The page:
The fairytale is over: Why startups and investors need to stop chasing unicorns

In the harsh reality of servers, coding and disruptive innovation, a fairytale has been told over the last few years: the chase of the unicorns.

It came to a head last year with everyone wanting the magic dust of a startup valued at over $1 billion.

But this year has been a wake up call for both startups and investors with the chase paving way to more realistic growth expectations and many startups stumbling and falling as reality hit.

In April 2014, there was only one company valued over $10 billion and 43 over $1 billion. Now there are 14 valued at over $10 billion and 169 at over $1 billion, with Uber leading the charge.

Like Uber and Square, most unicorns have typically grown superfast, fuelled by VC and angel funding. Their initial focus was on scaling the business. Likewise for other for the millions of tech startups chasing their unicorn dreams, revenue generation was a secondary concern.

But then, like all fairytales, this too started to end with reality hitting from mid-to-late last year. Snapchat, Dropbox and Square – some of the most highly valued tech startups – sent tremors of concern through the industry after being devalued late last year.

Many companies felt the burn as they went through funding with little revenue to show on the other side.

Just this month in Australia, Queensland-based music streaming startup Guvera’s future was in jeopardy after the ASX blocked its listing. Which to many doesn’t come as a surprise given that Guvera’s own prospectus showed revenue of $1.2 million and net loss of $80 million in 2015.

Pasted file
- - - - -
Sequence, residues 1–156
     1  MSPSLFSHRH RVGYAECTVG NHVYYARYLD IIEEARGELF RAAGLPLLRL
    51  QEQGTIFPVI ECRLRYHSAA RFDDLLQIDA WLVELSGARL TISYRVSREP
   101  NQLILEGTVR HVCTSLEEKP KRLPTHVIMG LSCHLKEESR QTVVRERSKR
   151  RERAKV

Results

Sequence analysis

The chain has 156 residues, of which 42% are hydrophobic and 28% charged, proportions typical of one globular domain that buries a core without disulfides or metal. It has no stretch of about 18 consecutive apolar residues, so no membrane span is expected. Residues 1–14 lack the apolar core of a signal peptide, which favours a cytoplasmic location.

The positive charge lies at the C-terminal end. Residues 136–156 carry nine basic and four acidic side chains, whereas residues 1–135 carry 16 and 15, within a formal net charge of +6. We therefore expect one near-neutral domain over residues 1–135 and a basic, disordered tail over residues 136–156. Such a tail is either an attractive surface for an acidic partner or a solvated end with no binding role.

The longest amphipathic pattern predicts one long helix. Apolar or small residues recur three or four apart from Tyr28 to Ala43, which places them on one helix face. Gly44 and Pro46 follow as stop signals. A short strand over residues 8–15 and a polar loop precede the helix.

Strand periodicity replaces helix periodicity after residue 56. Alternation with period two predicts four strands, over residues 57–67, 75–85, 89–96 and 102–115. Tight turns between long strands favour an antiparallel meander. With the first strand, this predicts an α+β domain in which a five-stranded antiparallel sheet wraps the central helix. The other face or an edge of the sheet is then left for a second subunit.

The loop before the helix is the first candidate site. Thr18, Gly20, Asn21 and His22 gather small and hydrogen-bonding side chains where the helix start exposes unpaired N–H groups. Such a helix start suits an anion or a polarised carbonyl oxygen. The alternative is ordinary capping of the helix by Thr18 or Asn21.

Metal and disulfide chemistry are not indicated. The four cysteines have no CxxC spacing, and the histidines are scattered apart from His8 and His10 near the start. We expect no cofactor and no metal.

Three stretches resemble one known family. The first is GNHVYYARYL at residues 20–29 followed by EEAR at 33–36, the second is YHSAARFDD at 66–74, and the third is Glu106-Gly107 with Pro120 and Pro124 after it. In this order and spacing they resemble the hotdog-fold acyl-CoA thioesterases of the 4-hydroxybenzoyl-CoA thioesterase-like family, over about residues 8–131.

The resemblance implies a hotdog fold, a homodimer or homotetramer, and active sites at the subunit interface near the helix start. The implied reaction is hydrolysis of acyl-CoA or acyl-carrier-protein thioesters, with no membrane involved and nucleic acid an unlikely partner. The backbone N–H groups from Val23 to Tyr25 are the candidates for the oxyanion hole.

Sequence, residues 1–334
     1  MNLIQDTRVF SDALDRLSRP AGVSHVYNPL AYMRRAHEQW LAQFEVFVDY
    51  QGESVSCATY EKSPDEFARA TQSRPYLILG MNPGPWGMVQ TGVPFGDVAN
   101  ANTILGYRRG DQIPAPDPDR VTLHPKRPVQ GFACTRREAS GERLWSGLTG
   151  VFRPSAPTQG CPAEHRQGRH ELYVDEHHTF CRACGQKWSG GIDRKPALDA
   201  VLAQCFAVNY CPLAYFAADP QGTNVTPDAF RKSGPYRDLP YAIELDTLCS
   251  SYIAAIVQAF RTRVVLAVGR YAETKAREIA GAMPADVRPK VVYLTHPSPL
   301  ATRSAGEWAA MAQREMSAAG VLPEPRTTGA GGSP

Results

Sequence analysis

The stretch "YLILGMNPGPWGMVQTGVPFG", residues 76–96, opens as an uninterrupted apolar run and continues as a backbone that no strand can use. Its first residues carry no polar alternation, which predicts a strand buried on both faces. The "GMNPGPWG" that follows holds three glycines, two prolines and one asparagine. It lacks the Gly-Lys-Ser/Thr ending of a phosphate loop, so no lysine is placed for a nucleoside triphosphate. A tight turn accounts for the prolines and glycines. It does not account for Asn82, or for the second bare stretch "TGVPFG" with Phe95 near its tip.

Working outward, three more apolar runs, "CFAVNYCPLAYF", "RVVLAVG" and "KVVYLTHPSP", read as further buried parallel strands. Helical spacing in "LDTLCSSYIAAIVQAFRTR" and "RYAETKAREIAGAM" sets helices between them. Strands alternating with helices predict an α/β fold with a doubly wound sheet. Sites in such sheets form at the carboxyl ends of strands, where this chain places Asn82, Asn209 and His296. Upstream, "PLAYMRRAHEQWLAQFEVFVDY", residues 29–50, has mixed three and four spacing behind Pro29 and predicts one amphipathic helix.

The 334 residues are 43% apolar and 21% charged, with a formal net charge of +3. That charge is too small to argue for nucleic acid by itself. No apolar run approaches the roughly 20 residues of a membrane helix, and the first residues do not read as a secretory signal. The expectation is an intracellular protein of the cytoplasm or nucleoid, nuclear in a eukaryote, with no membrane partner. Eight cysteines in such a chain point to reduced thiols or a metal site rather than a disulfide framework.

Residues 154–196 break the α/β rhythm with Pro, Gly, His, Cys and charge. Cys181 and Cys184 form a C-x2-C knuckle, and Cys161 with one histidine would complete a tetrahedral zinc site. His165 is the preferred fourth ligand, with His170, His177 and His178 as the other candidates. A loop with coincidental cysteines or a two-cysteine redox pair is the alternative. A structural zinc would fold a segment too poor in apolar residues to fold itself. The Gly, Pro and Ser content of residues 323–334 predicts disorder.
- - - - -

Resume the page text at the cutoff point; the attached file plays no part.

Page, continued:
The company’s IPO would have valued it at over $1 billion, putting it squarely in the unicorn territory.

While the investor and startup community is split on whether ASX’s decision was right or not, the process showcased how big a difference there was between revenue and valuation.

Was the ASX wrong in blocking a high-risk tech startup and does it send a negative and old-fashioned message to other high-risk startups looking to scale? Or did they help investors save money that could have otherwise been burnt through quickly?

Time may or may not tell.

For the first time since 2011, there was no IPO in January 2016, making media and analysts calling for a pause on free funding.

Are all these a signs we are heading for a bust like the dot com era?

Most likely not.

Unlike the dotcom era, technology and startup culture has permeated every fabric of our lives, from how we eat breakfast to tracking our sleep and everything in between – tech is omnipresent and will get even more so.

Aileen Lee, the person who coined the term unicorn in 2013 recently told Vanity Fair that last summer was when unicorn madness hit peak.

“I just think the train of innovation and technology changing every industry on the planet is happening, and will continue to happen.

I don’t think we’re in a downturn in terms of technology usage. I think we’re in a valuation-adjustment period where we’ve basically had very bullish markets both in the private and the public sectors for tech stocks over the past three to five years, and valuation multiples just got out of whack. There was too much money pouring into tech; and a perception developed that the only way to win was to offer a higher price.”

The perception and habits of the startup community will evolve in response to these scenarios. Typically, even when true innovation happens, there’s been a tendency not to attempt to create a business with a long-lasting plan but instead to try and exit with a corporate buyout for a handful of cash.

The model will shift from just providing a service to building a viable, revenue-generating business from the start.

While many angel investors will and should continue to fund smaller amounts in early-stage, high-risk startups, VC’s doing mid-to-late stage funding will take pages out of the corporate handbook and shift their focus to more resilient businesses that are well run, profitable from the start and have healthy balance sheets.

So while the chase for unicorns may be slowing down, we now have the opportunity to shift and align the startup business model to a new future and a more realistic storyline.

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